Standard Swedish, spoken by most Swedes, is the national language that evolved from the Central Swedish dialects in the 19th century and was well established by the beginning of the 20th century. While distinct regional varieties descending from the older rural dialects still exist, the spoken and written language is uniform and standardized.
The standard word order is, as in most Germanic languages, V2, which means that the finite verb (V) appears in the second position (2) of a declarative main clause. Swedish morphology is similar to English; that is, words have comparatively few inflections. Swedish has two genders and is generally seen to have two grammatical cases – nominative and genitive (except for pronouns that, as in English, also are inflected in the object form) – although it is debated if the genitive in Swedish should be seen as a genitive case, or just the nominative plus the so-called genitive s, then seen as a clitic. Swedish has two grammatical numbers – plural and singular. Adjectives have discrete comparative and superlative forms, and are also inflected according to gender, number and definiteness. The definiteness of nouns is marked primarily through suffixes (endings), complemented with separate definite and indefinite articles. The prosody features both stress and in most dialects tonal qualities. The language has a comparatively large vowel inventory. Swedish is also notable for the voiceless dorso-palatal velar fricative, a highly variable consonant phoneme.
Swedish is an Indo-European language belonging to the North Germanic branch of the Germanic languages. In the established classification, it belongs to the East Scandinavian languages, together with Danish, separating it from the West Scandinavian languages, consisting of Faroese, Icelandic, and Norwegian. However, more recent analyses divide the North Germanic languages into two groups: Insular Scandinavian (Faroese and Icelandic), and Continental Scandinavian (Danish, Norwegian, and Swedish), based on mutual intelligibility due to heavy influence of East Scandinavian (particularly Danish) on Norwegian during the last millennium and divergence from both Faroese and Icelandic.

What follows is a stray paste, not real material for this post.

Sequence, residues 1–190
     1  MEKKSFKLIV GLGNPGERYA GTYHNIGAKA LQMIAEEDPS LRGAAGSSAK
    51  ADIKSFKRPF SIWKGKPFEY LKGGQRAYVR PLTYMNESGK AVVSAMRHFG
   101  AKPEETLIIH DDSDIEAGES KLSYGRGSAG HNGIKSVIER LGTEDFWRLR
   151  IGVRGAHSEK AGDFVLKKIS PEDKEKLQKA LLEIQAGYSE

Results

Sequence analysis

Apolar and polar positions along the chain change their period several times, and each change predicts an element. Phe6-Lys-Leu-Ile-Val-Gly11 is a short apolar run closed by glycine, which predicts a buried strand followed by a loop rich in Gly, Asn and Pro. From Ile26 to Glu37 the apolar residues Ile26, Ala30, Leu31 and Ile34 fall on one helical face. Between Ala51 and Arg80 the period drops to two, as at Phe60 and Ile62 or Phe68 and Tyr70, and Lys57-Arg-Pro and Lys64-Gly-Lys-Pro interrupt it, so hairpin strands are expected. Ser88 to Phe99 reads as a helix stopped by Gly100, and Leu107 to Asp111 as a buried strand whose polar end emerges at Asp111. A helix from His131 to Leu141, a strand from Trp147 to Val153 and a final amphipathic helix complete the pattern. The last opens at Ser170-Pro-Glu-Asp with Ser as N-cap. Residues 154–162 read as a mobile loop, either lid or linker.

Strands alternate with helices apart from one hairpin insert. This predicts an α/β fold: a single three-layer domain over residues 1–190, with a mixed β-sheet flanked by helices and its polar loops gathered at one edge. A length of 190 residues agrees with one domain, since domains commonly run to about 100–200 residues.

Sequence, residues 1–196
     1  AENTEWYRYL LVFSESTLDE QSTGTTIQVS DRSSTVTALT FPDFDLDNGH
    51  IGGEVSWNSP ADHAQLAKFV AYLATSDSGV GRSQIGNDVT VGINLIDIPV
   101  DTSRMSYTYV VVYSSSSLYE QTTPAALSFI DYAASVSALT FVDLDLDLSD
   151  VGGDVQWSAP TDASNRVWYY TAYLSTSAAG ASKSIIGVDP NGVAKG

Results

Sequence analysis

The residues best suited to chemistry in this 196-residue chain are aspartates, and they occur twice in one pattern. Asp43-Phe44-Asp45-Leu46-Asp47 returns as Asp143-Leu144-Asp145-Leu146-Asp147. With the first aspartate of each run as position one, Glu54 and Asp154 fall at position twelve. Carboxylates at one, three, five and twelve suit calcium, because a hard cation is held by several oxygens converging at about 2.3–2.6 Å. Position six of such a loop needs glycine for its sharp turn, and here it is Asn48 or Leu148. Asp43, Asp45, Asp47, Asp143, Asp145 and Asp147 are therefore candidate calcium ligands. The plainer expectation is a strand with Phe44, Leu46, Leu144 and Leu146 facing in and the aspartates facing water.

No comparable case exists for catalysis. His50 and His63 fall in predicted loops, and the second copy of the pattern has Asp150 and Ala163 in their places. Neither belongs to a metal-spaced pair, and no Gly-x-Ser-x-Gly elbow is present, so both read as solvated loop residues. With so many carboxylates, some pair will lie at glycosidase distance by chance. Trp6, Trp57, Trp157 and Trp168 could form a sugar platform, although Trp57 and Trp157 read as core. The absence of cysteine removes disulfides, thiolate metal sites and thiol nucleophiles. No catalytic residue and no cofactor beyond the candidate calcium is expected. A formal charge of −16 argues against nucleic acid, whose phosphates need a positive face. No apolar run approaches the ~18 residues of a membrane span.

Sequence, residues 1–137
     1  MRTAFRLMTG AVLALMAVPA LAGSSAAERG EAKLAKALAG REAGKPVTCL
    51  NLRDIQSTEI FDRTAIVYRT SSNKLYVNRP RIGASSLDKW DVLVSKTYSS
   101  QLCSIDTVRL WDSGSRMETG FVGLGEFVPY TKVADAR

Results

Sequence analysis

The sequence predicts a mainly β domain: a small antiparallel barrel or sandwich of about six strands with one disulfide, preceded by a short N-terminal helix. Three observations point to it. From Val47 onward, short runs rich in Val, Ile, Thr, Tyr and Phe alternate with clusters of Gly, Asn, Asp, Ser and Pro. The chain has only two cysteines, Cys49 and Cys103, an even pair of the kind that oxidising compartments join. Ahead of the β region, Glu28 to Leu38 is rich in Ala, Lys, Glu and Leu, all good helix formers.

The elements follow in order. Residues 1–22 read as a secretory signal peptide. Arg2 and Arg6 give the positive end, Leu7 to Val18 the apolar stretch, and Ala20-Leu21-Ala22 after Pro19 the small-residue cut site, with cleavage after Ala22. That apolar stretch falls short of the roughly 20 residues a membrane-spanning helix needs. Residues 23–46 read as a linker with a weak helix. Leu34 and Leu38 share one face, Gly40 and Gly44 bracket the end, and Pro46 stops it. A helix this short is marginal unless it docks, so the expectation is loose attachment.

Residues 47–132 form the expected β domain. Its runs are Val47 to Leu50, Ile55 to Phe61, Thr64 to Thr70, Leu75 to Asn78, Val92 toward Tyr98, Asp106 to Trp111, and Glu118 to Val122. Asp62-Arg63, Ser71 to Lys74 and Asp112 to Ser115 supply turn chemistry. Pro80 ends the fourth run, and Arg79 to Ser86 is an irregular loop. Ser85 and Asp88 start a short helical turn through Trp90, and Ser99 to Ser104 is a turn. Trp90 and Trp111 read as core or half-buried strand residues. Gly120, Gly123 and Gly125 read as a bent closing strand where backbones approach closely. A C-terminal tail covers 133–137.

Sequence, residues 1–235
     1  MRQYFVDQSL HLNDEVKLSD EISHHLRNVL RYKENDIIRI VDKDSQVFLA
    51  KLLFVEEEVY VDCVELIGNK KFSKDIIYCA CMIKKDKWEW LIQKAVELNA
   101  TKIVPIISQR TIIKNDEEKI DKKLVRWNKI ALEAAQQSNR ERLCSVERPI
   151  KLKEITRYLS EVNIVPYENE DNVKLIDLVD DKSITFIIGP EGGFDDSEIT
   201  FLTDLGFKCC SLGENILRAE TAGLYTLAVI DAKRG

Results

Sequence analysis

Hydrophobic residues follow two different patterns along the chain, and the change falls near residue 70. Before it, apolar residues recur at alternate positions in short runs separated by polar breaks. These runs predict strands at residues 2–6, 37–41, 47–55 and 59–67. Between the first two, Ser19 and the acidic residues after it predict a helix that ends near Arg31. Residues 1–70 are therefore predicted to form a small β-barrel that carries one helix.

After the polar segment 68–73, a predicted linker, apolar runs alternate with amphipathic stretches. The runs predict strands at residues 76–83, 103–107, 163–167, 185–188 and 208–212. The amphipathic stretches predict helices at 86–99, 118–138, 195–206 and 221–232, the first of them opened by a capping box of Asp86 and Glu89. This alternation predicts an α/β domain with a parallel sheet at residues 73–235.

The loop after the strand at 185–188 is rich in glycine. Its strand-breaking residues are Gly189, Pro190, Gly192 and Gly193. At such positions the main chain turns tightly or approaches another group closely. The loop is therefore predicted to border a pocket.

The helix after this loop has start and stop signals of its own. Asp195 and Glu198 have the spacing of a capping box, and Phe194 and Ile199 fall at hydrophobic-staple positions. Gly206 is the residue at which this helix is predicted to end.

By many general criteria of mutual intelligibility, the Continental Scandinavian languages could very well be considered dialects of a common Scandinavian language. However, because of several hundred years of sometimes quite intense rivalry between Denmark and Sweden, including a long series of wars from the 16th to 18th centuries, and the nationalist ideas that emerged during the late 19th and early 20th centuries, the languages have separate orthographies, dictionaries, grammars, and regulatory bodies. Danish, Norwegian, and Swedish are thus from a linguistic perspective more accurately described as a dialect continuum of Scandinavian (North Germanic), and some of the dialects, such as those on the border between Norway and Sweden, especially parts of Bohuslän, Dalsland, western Värmland, western Dalarna, Härjedalen, Jämtland, and Scania, could be described as intermediate dialects of the national standard languages.
In the 8th century, the common Germanic language of Scandinavia, Proto-Norse, evolved into Old Norse. This language underwent more changes that did not spread to all of Scandinavia, which resulted in the appearance of two similar dialects: Old West Norse (Norway and Iceland) and Old East Norse (Denmark and Sweden). The dialects of Old East Norse spoken in Sweden are called Runic Swedish, while the dialects of Denmark are referred to as Runic Danish. The dialects are described as "runic" because the main body of text appears in the runic alphabet. Unlike Proto-Norse, which was written with the Elder Futhark alphabet, Old Norse was written with the Younger Futhark alphabet, which had only 16 letters. Because the number of runes was limited, some runes were used for a range of phonemes, such as the rune for the vowel u, which was also used for the vowels o, ø and y, and the rune for i, also used for e.